Multiple sclerosis: Patients’ cognitive dysfunction ‘on the radar’
By Kate Johnson
John DeLuca, PhD, alternates between frustration and motivation as he talks about cognitive rehabilitation in multiple sclerosis (MS). As a neuropsychologist and senior vice president of research and training at Kessler Foundation in West Orange, N.J., he is a world-renowned expert, making his simple take on the topic particularly appealing.
“In some respects, it comes really clear to me,” he said in an interview. “Patients have a problem. You have to listen to what the problem is, understand the problem, assess it, and then do something about it.”
Thirty years ago, neurologists didn’t believe that cognitive impairment was a manifestation of the disease. It wasn’t on the radar. Now they are starting to listen but don’t feel they know what to do.
In 2018, Dr. DeLuca, who is also a professor in the department of physical medicine and rehabilitation and of neurology and neurosciences at New Jersey Medical School, Newark, headed up an expert panel that recommended routine cognitive screening, monitoring, and intervention for individuals with MS (Mult Scler. 2018 Nov;24:1665-80). Yet despite an estimated two-thirds of individuals with MS experiencing some form of cognitive impairment, the recommendations are still rarely a part of MS care, said Dr. DeLuca.
“Thirty years ago, neurologists didn’t believe that cognitive impairment was a manifestation of the disease. It wasn’t on the radar. Now they are starting to listen but don’t feel they know what to do.”
There are many reasons for that inertia, some of which he dismissed impatiently: “[They say] ‘I don’t have the time to do an assessment (which, by the way, takes 5 minutes), I can’t get paid, and I don’t have the staff.’ Those are very common complaints, to which I say: ‘so you’re not going to do anything?’ That’s just not a good answer.”
Now, his tone switches from exasperation to inspiration. “The answer is, well, let’s find out what we can do. That is a good question, and I’m happy with that question. But sometimes we can’t even get to that one,” he said.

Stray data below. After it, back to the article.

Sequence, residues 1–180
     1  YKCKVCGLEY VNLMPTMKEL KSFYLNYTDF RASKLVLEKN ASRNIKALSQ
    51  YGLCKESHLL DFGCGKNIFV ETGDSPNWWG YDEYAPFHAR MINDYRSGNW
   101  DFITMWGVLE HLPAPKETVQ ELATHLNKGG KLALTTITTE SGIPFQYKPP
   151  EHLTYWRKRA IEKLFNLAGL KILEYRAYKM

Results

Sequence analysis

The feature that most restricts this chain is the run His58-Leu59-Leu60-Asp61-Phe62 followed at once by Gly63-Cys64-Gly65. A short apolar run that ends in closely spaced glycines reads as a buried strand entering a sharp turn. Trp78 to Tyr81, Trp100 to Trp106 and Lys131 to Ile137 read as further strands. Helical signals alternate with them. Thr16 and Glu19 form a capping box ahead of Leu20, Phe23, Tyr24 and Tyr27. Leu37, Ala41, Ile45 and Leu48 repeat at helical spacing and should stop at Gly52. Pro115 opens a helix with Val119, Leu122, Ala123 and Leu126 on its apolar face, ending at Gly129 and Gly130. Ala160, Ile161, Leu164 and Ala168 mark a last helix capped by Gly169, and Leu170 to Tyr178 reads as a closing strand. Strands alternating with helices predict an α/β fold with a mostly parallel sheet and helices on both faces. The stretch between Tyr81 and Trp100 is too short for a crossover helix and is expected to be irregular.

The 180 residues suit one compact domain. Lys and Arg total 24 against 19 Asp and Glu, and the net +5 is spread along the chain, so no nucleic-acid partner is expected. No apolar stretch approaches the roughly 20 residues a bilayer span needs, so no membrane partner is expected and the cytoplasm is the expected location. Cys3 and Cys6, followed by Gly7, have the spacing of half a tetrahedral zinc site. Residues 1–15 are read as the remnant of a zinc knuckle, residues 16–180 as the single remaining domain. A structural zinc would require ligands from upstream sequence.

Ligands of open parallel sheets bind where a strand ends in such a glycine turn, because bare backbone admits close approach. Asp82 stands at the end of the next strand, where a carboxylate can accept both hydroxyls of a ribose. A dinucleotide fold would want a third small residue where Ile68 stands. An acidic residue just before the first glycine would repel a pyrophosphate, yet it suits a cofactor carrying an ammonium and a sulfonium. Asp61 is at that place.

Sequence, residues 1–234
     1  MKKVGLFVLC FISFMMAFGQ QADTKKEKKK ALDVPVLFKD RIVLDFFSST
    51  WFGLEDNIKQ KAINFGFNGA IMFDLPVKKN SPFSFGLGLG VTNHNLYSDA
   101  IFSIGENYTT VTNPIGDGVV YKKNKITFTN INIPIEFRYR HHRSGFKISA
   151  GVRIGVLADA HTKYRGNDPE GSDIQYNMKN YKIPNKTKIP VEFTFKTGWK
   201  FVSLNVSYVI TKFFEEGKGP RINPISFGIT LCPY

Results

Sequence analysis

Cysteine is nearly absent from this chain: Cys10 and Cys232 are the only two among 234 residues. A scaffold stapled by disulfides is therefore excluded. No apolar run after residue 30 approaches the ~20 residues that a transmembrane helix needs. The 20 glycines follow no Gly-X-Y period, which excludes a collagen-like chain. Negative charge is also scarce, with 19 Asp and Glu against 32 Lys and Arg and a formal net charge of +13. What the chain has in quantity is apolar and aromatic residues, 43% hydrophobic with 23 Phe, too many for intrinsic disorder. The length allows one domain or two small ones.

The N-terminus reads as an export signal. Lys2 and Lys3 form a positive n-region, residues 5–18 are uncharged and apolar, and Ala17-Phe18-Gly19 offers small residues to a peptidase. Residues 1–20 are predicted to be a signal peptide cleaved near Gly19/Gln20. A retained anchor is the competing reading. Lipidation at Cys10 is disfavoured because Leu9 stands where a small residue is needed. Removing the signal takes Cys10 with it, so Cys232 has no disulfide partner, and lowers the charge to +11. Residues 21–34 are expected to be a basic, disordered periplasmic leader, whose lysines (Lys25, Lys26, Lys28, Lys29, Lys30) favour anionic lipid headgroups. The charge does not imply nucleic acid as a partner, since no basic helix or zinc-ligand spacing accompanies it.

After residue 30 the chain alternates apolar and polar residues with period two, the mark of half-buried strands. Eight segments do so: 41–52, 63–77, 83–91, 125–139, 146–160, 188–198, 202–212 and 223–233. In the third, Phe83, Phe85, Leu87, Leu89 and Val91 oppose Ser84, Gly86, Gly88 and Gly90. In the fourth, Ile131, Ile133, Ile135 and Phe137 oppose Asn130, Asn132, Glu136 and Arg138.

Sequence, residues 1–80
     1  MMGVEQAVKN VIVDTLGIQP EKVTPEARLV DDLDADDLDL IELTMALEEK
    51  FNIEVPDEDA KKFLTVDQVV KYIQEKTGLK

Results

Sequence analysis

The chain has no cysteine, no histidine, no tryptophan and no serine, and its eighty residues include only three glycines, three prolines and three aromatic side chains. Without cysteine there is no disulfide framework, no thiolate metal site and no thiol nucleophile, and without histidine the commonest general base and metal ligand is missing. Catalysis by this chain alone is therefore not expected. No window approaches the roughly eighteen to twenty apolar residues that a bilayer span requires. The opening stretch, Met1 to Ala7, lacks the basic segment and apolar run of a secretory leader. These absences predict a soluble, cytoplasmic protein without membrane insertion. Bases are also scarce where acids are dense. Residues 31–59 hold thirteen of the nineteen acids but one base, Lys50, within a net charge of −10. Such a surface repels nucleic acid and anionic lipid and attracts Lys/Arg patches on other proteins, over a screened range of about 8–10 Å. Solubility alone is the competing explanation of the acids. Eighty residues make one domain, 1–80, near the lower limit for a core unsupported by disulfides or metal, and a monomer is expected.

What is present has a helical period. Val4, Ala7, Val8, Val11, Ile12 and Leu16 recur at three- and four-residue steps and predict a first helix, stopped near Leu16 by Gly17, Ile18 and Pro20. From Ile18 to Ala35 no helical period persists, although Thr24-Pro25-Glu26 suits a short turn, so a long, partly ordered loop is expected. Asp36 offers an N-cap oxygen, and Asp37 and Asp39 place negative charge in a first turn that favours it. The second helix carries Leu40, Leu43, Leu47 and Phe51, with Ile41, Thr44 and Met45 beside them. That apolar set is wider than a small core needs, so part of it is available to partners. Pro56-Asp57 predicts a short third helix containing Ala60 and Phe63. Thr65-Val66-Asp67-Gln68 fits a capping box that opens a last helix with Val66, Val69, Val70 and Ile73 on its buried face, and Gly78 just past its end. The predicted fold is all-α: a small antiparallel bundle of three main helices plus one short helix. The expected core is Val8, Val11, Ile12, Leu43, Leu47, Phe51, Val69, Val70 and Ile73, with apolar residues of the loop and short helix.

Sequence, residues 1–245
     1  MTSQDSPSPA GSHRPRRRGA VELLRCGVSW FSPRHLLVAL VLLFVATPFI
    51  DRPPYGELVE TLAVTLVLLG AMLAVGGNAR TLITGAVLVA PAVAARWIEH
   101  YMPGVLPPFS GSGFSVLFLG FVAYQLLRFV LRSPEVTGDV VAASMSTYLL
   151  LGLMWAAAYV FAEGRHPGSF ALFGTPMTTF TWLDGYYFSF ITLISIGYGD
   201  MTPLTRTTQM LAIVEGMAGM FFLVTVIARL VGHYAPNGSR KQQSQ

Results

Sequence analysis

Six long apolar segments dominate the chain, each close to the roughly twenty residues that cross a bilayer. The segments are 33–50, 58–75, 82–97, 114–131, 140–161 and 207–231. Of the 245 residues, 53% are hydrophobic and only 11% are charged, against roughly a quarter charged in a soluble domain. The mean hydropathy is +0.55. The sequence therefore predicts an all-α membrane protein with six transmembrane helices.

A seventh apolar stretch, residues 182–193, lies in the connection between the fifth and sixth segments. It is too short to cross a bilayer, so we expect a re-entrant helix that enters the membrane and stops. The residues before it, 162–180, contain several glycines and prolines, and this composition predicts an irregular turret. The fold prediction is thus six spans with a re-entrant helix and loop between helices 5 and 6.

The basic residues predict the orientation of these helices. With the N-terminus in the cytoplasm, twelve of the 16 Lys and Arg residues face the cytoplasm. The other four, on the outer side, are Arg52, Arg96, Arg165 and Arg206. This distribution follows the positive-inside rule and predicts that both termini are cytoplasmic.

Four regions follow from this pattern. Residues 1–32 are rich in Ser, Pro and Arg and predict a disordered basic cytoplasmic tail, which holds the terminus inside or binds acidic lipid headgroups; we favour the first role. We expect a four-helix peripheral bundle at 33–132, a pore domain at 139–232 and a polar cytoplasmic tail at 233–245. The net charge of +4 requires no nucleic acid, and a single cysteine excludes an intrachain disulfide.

The question of what to do about cognitive impairment may seem daunting to many neurologists and patients, especially in the context of a degenerative disease, but Dr. DeLuca passionately resists that it is a futile effort.
“MS is a degenerative disease, but not all aspects of it are degenerative,” he said. “With cognitive rehabilitation, we can see improvement. Using neuroimaging, we can see that these changes correlate with changes in brain activity. Areas that were involved in brain activity before adapt and make new connections with other areas.”
Dr. John DeLuca
In a recent review, summarizing the literature in this area, Dr. DeLuca and colleagues pointed out that the vast majority of cognitive rehab in MS has focussed on learning and memory (Nat Rev Neurol. 2020 Jun;16:319-32). In this domain, approaches developed by his own team, such as the Kessler Foundation’s modified Story Memory Technique and the Kessler Foundation Strategy Based Techniques to Enhance Memory, are producing results. But what sort of results?
“When you think about the influence of cognition on life, it’s virtually everything,” he mused. “So, what do you pick to demonstrate a cognitive improvement?” Some skeptics argue that patient-reported improvements are subjective, but he dismisses that too. “The whole idea of rehab is to help the patient today. And if I can help the patient today, then I’ve been successful.”
That’s not to say there isn’t objective proof of the benefits of cognitive rehab. In fact, this approach has a long history of success in patients with other conditions.